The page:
North American River Otter
Length 35 - 55 inches, weight 10 - 30 lbs.
Canada and United States, including Alaska
Lakes, streams and marshy areas. Found in and near fresh water.
Wild - Carnivore; fish, crawfish, frogs, salamanders, clams, turtles, birds, and some small mammals
Zoo - Prepared zoo diet for carnivores; fish
- Body shape -- is elongated and streamlined for easier movement in the water enabling swimming speed up to 6 or 7 mph which is faster than most fish. Tails used as rudders.
- Fur -- dense waterproof fur protects the otter's skin from getting wet and losing body heat. Dense, oily underfur is set off by glossy guard hairs producing a marketable coat for fur industry.
- Insulation -- in addition to fur, a thick layer of fats lies under the skin to insulate the otter from extreme temperatures of hot and cold.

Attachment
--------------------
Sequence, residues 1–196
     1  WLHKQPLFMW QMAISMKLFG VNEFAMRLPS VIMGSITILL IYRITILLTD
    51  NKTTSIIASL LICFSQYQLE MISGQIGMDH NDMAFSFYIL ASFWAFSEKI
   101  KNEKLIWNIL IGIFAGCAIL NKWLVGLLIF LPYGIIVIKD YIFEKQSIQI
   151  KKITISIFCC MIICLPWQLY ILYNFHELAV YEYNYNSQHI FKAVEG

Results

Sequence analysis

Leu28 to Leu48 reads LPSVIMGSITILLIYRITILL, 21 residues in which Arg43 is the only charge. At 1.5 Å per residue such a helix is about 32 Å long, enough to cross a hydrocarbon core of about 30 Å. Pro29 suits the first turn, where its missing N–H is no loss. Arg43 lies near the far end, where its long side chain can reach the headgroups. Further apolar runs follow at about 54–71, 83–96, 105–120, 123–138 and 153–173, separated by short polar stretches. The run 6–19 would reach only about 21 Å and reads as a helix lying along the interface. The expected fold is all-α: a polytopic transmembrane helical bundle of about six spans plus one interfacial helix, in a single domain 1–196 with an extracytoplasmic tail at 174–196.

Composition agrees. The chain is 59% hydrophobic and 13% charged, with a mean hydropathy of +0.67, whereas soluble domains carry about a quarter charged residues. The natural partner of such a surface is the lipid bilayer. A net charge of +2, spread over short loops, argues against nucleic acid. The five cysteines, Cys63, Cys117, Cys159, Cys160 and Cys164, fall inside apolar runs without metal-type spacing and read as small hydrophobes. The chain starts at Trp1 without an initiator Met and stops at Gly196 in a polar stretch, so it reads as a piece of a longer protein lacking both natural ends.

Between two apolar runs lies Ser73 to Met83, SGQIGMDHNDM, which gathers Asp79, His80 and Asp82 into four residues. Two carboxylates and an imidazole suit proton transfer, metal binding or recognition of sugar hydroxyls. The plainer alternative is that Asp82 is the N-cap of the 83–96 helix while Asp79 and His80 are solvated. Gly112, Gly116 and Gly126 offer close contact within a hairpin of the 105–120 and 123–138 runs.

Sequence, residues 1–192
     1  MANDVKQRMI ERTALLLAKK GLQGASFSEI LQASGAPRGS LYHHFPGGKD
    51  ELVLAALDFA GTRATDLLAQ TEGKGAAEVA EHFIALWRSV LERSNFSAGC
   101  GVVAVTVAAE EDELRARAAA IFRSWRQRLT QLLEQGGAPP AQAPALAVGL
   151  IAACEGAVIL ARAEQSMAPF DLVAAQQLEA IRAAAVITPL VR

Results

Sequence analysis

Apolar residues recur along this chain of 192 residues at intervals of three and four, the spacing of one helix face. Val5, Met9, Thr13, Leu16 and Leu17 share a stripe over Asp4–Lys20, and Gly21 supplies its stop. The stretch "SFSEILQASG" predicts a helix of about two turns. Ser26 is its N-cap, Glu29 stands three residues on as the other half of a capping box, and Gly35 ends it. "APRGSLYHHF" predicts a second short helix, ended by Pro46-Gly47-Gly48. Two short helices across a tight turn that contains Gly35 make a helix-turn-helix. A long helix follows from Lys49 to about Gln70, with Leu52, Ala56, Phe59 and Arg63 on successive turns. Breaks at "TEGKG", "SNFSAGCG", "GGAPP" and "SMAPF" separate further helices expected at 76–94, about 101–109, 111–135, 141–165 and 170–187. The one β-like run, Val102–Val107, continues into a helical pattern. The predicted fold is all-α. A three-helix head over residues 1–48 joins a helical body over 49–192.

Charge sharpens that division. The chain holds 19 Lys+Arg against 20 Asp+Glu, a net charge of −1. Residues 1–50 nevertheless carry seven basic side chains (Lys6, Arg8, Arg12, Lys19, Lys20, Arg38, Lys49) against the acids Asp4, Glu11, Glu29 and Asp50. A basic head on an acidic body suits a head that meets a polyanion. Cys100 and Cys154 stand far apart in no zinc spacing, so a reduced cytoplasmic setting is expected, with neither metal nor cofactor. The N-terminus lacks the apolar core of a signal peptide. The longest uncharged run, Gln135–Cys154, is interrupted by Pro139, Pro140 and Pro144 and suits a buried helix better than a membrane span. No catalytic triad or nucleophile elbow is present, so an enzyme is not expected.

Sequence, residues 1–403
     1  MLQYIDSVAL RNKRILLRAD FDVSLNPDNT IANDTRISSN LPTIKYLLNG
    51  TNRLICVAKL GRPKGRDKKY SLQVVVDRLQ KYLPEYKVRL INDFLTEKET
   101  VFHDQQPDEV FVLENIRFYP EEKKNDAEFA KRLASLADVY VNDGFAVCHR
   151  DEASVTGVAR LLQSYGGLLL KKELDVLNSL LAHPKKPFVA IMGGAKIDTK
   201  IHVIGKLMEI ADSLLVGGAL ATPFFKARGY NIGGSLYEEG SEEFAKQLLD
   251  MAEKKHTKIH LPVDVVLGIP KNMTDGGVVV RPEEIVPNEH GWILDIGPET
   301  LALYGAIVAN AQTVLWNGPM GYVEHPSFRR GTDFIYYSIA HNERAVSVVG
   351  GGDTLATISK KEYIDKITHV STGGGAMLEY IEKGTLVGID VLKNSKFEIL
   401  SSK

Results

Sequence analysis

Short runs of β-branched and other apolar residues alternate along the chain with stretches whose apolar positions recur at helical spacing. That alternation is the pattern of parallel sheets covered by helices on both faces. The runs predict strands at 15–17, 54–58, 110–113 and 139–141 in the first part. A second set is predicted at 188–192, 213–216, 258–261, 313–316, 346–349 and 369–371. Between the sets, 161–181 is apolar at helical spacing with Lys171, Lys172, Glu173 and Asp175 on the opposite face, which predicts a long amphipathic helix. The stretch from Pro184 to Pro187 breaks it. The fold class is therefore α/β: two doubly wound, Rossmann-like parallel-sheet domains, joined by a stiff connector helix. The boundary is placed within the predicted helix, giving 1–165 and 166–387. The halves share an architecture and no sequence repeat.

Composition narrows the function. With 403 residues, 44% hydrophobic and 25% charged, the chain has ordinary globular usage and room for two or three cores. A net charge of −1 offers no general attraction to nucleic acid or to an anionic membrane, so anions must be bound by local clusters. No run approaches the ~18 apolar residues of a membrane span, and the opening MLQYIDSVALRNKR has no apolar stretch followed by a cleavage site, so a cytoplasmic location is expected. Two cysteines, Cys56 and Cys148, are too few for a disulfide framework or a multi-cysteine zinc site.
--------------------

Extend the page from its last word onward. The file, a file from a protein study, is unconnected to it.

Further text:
- Nose and ears -- these are located high on the animal's head. In this way, an otter may swim partially submerged near the surface, lessening detectability by predators and intended prey. Nose and ears close like valves when the otter is submerged to prevent water entry.
- Toes -- partially webbed to assist in swimming.
- Binocular vision -- being a predator, otters have binocular vision enabling them to judge distance for capturing prey.
- Time limits under water -- when needed, during hunting or to escape predators, otters may remain submerged for 3 to 4 minutes.
- Otters are sociable and playful animals.
1 - 5 are born in April or May. Total pregnancy varies from 245 - 380 days although actual embryonic development is about 2 months. Young seperate from mom at 1 year.
CITES App. II; not endangered, but has become rare in parts of U.S. due to habitat destruction, water pollution, misuse of pesticides, excessive fur trapping, and persecution as supposed predators of game and commercial fish.
"Otters, A Study of the Recent Lutrenae", C.J. Harris
"The World of Mammals", John Ed Honders
"Mammals of the World", Walker